Quality control in manufacturing can be worthless if the design of the product is poor. If the design is faulty, quality control will not prevent the product from breaking down.
This is the view of Murton Electronics' MD, Brent Maurer, who explains that South African design is still catching up to international standards.
"In the past, South African design has had a reputation for being substandard," says Maurer. "A lot of this goes back to the apartheid years when we copied designs rather than innovated. We imported and copied dampening innovation and as a result the industry is average in terms of its design capabilities.
"Many products designed by South African companies for First World applications often do not compete in international markets, as a result of poor design and neglected quality control.
"If we do get the design right, we have another problem and that is competing with the global manufacturers in terms of the actual equipment used for quality control. Because overseas production volumes are generally so much larger, quality control equipment is much more sophisticated," notes Maurer.
"For example, in South Africa for a specific component a volume of 250 000 units manufactured per day could be equivalent to possibly 25 million a day in an overseas factory. The larger volumes justify more sophisticated quality control equipment," he adds.
More often volumes in South Africa are too low for us to compete effectively in First World international markets.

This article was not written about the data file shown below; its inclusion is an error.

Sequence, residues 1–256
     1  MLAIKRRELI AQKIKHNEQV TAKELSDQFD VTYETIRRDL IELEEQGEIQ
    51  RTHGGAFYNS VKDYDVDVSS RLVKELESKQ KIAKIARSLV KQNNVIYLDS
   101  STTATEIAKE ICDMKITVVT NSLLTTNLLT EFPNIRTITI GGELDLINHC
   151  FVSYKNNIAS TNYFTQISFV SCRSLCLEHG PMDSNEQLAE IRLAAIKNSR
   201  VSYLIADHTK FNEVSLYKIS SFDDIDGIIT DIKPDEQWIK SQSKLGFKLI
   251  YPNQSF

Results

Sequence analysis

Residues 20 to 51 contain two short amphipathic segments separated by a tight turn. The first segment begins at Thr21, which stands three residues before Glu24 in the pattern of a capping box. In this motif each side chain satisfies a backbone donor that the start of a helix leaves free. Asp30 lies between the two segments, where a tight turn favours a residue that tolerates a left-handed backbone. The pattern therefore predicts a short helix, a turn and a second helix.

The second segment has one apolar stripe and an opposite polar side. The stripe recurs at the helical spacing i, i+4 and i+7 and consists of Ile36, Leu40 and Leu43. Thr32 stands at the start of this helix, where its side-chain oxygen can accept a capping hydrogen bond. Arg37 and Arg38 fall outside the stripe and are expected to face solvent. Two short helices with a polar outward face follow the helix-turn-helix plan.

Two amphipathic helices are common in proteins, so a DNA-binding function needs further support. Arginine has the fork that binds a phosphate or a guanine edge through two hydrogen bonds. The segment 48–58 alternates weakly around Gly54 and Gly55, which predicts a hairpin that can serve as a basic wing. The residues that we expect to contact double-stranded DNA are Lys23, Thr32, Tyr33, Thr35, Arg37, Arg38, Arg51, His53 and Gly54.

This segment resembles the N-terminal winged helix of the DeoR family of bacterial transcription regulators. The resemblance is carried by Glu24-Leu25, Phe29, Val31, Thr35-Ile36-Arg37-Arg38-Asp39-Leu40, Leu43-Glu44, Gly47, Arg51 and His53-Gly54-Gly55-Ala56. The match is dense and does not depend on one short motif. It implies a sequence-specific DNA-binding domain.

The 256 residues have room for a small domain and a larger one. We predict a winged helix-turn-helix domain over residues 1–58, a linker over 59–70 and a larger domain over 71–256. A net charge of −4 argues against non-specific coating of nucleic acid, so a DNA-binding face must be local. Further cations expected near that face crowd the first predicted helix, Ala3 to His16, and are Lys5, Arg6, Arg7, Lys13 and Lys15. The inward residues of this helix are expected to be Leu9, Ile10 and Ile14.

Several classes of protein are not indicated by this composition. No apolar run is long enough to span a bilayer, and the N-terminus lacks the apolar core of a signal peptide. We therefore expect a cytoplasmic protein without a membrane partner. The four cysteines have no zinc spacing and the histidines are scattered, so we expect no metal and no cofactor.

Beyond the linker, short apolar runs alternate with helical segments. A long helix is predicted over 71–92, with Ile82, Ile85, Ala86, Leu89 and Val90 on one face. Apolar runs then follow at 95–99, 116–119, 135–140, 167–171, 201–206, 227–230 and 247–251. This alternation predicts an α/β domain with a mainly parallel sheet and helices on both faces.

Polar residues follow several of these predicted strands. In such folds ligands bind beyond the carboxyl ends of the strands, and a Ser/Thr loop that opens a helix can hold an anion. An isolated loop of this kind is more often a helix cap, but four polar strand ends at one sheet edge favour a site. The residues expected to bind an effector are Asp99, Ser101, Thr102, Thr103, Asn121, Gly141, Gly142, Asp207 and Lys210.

"While export is the solution to our slowing manufacturing environment, we need to look at less sophisticated markets, such as Africa. We are an African country and know the culture better than any other continent. We should therefore be using our expertise to produce products for these markets.
"Products that have good quality but that are possibly less sophisticated than those designed for First World markets will put SA manufacturers on the map. A good example is the wind-up radio. It has done enormously well in international markets.
"We have the talent and expertise to make these products in South Africa and need to look at previously ignored markets," he says.
"The keyword is innovate, which is something manufacturers still need to master. Manufacturers wanting to grow will need to identify markets and applications previously not addressed and design products for these markets with Africa and Third World countries in mind.
Maurer admits that in many of these markets there are risks because of a lack of funds and in some cases ethics. "But these are no more greater challenges than those facing international competition in already developed markets. The challenges are only different," he explains.